Reflections on the 78th General Convention
General Convention is a special time in the life of the church. We assemble together – young and old, varied cultural and ethnic backgrounds, conservatives, moderates and liberals – to listen to God’s word and discern what God is calling us as a community of His people to do. General Convention is also a family reunion where we renew old friendships and create new ones.
We arrived in Salt Lake City for this General Convention from every direction – north, south, east and west – by car, train and plane. The soaring temperatures could not dampen the excitement as we gathered as a Church in the mountains of Utah. And once you arrive, you can’t wait to see if your old friends have returned and have great anticipation of meeting new friends.
Every three years, the everyday lives of hundreds of deputies, bishops and volunteers come to a halt and the life of the church takes over. This General Convention was completely paperless. Each deputy and first alternate was armed with his or her own iPad, which was programmed to do the work of General Convention. And although anxieties ran high, we actually made it through with few issues.
For nine days, nothing but church business existed. Each day began by 7:30 a.m. and ended at about 11 p.m. The days were filled with committee meetings, hearings and legislative sessions, where we dealt with over 350 resolutions coming from Committees, Commissions, Agencies, and Boards, as well as bishops, dioceses, provinces and deputies. Added to that were forums, special services, receptions and dinners. God and our Lord and Savior Jesus Christ were always at the center.
We are deputies because we are trusted by our diocese and by the deputies from other dioceses to be informed and to prepare ourselves through study and prayer prior to General Convention. While at General Convention, deputies are charged to listen to other deputies, bishops and guests, to share our own thoughts and ideas, to attend and vote at all sessions. The deputies and bishops come from 109 dioceses in the Episcopal Church representing a myriad of cultures and ethnicities. In addition, we each are armed with our own knowledge and life experiences which make listening and hearing other points of view very challenging at times. Nevertheless, we were able to vote as one and support each other in the knowledge that we were working toward accomplishing God’s mission.
Prayer was central to everything that we did. We began and ended each committee meeting and plenary session with prayer. We had worship services each day before going to plenary. Through prayer, the General Convention was open to the work of the Holy Spirit. And, what the General Convention sought by its debates and votes to ascertain was, not the mind of the majority of its members, but the mind of the Holy Spirit. So let’s see how the Holy Spirit spoke to us as we gathered in Salt Lake City this summer:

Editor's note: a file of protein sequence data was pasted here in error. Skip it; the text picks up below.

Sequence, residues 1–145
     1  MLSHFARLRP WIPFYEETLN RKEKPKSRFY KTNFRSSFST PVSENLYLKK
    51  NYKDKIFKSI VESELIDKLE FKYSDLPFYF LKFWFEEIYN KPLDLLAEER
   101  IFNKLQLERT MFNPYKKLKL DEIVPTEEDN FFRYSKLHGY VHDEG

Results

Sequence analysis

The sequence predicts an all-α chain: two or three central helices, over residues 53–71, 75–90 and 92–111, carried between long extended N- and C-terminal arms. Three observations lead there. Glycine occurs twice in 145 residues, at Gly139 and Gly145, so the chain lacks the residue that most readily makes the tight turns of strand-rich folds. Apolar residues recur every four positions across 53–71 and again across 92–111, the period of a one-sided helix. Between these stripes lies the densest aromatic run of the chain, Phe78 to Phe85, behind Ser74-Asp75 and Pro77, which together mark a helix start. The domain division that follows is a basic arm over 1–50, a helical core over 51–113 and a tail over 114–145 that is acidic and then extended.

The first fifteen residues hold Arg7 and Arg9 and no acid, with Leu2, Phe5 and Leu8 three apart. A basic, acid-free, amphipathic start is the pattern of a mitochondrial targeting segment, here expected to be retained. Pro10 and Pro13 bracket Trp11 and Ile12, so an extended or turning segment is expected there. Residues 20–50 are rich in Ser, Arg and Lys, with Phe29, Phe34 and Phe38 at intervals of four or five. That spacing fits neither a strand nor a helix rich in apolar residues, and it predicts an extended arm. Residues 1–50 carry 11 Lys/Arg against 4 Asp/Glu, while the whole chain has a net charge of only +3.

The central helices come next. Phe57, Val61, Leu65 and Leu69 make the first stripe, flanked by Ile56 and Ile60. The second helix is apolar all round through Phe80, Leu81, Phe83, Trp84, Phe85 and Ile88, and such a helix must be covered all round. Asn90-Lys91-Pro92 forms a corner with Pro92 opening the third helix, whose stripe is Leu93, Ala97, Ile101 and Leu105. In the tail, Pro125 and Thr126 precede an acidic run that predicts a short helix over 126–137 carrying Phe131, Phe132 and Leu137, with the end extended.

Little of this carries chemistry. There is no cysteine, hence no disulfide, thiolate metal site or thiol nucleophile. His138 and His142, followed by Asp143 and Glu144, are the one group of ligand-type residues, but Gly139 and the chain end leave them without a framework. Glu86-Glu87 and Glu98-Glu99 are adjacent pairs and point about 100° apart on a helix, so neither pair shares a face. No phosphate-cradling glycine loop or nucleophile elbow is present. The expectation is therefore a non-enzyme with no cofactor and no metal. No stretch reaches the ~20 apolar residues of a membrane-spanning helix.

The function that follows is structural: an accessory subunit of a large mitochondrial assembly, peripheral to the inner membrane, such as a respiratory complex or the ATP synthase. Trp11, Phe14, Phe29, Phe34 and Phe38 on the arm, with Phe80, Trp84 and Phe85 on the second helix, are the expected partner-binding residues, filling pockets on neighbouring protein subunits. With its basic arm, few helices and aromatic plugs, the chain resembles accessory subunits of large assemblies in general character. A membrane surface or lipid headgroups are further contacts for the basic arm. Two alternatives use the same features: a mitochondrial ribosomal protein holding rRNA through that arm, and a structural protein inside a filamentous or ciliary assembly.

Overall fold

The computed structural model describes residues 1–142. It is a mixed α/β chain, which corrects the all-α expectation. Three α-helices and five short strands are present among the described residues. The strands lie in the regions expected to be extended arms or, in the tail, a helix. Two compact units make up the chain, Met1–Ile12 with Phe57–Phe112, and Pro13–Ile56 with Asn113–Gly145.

1. We re-elected the Rev. Gay Jennings, Diocese of Ohio, as President of the House of Deputies; and the Honorable Byron Rushing, Diocese of Massachusetts, as Vice-President. We are looking forward to their continued good work during this triennium.
2. We reaffirmed the Five Marks of Mission through the budget and passed the 2013-2015 budget proposed by the Committee in Program, Budget and Finance. The budget, although not perfect, is leading the Church in the right direction.
3. We recommitted ourselves to the work of Anti-Racism through this triennium.
5. We reaffirmed full inclusion of persons with developmental disabilities.
6. We continued the work of the Task Force on the Study of Marriage to identify and explore dimensions of marriage.
7. We considered resolutions presented through the Task Force on Structural Reform of the Episcopal Church.
These are just a few of the many resolutions passed at General Convention. We listened, we debated, we voted and we came away from this convention knowing that we are confident that the Church is moving in the right direction, where “all will be welcomed”.
For deputies, General Convention may be over but the hard work has just begun. We will be reviewing the approved resolutions and deciding what resolutions will be brought before our diocesan convention in November. Through Connections, each deputy and first alternate will share their experiences and report on specific aspects of convention throughout the triennium. And, we hope that each congregation will invite us to visit over the next two years, so we can dialogue with you personally about what happened and how the decisions made will impact your congregation and the diocese. We know that to accomplish this work we’ve envisioned for ourselves, the Church will need your gifts. So think on it, pray about it and let your heart lead you toward helping the Church build God’s kingdom.
Lay deputy Debby Stokes served as chair of the Southern Ohio delegation to the 78th General Convention. She attends St. Philip’s, Columbus.